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Susan Vitale, Elvira Agron, Tiarnan Keenan, Traci E Clemons, Emily Y. Chew; Visual acuity outcomes in eyes treated with anti-VEGF injections during the Age-Related Eye Disease Study 2 (AREDS2). Invest. Ophthalmol. Vis. Sci. 2018;59(9):6013.
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To determine the long-term visual acuity (VA) outcomes following treatment with anti-vascular endothelial growth factor (VEGF) agents for neovascular age-related macular degeneration (AMD) in participants who were enrolled in the AREDS2 study, a clinical trial of oral supplements for the treatment of AMD.
AREDS2 participants had baseline and yearly study visits that included color fundus photography and best-corrected VA. The photos were graded centrally for AMD. Late AMD was defined as central geographic atrophy or neovascular AMD. Between annual study visits, participants were contacted by telephone to obtain a detailed history of treatment for AMD. We pooled ranibizumab, bevacizumab, or aflibercept injections and recorded the number of anti-VEGF injections. We included eyes with following baseline characteristics: no history of anti-VEGF treatments, no late AMD, and VA of 74 letters or better (Snellen equivalent of 20/32). At least one anti-VEGF treatment was given during study follow-up.
A total of 825 eyes (751 participants) were analyzed; mean age was 74.1 y and 62.4% were female. Baseline VA ranged from 74-95 letters (20/32 or better vision); mean VA was 82.4 letters (20/25). By year 5, the average total number of anti-VEGF injections per eye was 11.1 (range, 1-48). The average number of anti-VEGF injections per year ranged from 2.59 to 4.52.The average decrease in VA from baseline in these treated eyes was 8.7, 11.3, 11.0, 13.2, and 12.2 letters for years 1, 2, 3, 4, and 5, respectively. For years 1, 2, 3, 4, and 5, the proportion of eyes that lost 3 or more lines of VA relative to baseline was 19.3%, 27.1%, 26.5%, 34.4%, and 31.8%; the proportion of eyes with 20/200 or worse VA was 4.4%, 6.9%, 3.9%, 6.3%, and 5.8%; and the proportion of eyes that maintained 20/40 or better VA was 75.6%, 71.5%, 67.3%, 62.8%, and 65.7%, respectively.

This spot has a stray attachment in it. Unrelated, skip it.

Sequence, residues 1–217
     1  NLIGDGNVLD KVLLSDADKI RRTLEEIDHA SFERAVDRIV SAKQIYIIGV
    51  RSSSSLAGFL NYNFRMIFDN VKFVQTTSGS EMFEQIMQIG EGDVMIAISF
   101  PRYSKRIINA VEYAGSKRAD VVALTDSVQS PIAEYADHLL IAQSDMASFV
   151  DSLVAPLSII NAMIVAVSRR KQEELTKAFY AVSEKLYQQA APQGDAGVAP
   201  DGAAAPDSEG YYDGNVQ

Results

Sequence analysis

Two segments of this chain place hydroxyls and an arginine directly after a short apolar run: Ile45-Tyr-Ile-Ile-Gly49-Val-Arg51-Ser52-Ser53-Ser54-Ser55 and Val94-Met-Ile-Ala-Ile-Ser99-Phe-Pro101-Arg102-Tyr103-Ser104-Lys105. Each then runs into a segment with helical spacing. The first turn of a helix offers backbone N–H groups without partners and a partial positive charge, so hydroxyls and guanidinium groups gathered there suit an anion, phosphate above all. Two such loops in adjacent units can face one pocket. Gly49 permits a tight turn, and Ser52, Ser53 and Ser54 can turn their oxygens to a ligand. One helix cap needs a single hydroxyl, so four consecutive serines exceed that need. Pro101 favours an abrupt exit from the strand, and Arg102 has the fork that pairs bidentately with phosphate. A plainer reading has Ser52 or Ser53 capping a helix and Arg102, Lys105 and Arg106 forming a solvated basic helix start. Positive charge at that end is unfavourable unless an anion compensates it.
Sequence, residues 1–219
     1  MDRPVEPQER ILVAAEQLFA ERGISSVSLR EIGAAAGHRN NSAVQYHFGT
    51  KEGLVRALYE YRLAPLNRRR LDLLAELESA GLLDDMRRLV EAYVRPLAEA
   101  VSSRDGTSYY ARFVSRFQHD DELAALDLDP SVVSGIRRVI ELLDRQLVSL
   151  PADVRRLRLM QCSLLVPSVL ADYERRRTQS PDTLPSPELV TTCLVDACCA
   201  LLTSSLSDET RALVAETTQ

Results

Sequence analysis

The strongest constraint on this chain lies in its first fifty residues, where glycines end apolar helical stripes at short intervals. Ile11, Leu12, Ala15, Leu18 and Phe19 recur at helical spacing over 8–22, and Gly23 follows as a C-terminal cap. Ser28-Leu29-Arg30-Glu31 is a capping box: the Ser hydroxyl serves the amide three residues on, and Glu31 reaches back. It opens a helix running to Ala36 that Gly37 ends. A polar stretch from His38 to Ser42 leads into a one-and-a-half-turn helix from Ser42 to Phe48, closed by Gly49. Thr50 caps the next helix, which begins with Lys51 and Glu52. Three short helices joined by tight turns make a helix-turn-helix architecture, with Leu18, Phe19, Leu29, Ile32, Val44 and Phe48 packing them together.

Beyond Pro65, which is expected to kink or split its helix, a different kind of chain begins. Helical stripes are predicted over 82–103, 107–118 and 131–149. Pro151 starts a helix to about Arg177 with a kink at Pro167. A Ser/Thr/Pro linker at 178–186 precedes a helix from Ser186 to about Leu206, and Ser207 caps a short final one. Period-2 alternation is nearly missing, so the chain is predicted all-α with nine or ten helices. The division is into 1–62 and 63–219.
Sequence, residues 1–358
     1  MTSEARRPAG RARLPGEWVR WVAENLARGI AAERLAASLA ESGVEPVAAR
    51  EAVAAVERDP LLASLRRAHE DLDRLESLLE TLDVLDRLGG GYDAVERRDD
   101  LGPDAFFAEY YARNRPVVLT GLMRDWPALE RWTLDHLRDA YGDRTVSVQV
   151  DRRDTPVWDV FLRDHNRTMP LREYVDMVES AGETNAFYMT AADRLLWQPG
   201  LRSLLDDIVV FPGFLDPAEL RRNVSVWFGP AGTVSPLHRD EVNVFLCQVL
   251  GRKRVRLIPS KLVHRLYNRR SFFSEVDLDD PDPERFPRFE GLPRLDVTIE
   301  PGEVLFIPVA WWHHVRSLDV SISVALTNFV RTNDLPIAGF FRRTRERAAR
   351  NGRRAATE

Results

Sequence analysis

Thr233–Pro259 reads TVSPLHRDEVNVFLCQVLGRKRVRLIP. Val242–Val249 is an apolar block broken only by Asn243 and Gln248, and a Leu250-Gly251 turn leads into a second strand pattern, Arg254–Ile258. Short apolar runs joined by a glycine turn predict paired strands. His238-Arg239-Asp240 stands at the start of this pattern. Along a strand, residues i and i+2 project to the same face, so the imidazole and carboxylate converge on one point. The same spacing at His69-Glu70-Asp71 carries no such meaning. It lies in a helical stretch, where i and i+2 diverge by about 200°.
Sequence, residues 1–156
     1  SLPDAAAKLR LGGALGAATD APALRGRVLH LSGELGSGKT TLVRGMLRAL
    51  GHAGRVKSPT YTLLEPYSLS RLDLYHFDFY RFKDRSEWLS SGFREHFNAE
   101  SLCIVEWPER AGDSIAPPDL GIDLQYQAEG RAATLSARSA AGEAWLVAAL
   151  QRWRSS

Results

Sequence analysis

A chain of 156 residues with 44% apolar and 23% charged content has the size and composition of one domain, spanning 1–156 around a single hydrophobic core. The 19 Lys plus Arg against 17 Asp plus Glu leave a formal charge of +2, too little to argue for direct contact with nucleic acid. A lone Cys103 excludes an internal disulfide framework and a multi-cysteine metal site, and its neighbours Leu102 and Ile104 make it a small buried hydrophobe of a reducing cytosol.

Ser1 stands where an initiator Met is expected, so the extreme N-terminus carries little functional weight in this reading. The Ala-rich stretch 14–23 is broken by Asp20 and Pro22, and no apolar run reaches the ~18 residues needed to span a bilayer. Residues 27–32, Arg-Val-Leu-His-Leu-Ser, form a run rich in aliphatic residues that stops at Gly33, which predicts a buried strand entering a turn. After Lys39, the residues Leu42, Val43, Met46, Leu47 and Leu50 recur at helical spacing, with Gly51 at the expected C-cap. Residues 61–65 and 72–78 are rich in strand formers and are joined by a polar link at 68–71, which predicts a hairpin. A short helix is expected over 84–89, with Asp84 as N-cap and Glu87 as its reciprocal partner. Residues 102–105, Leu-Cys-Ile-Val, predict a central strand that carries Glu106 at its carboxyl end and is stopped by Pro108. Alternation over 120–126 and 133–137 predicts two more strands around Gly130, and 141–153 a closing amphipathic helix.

Treatment with anti-VEGF agents resulted in 62 to 75% of treated eyes maintaining 20/40 or better VA over a 5-year period. However, between 1 in 5 and 1 in 3 eyes lost 3 or more lines of VA. Further examination of factors related to efficacy of anti-VEGF treatment for neovascular AMD is warranted.
This is an abstract that was submitted for the 2018 ARVO Annual Meeting, held in Honolulu, Hawaii, April 29 - May 3, 2018.
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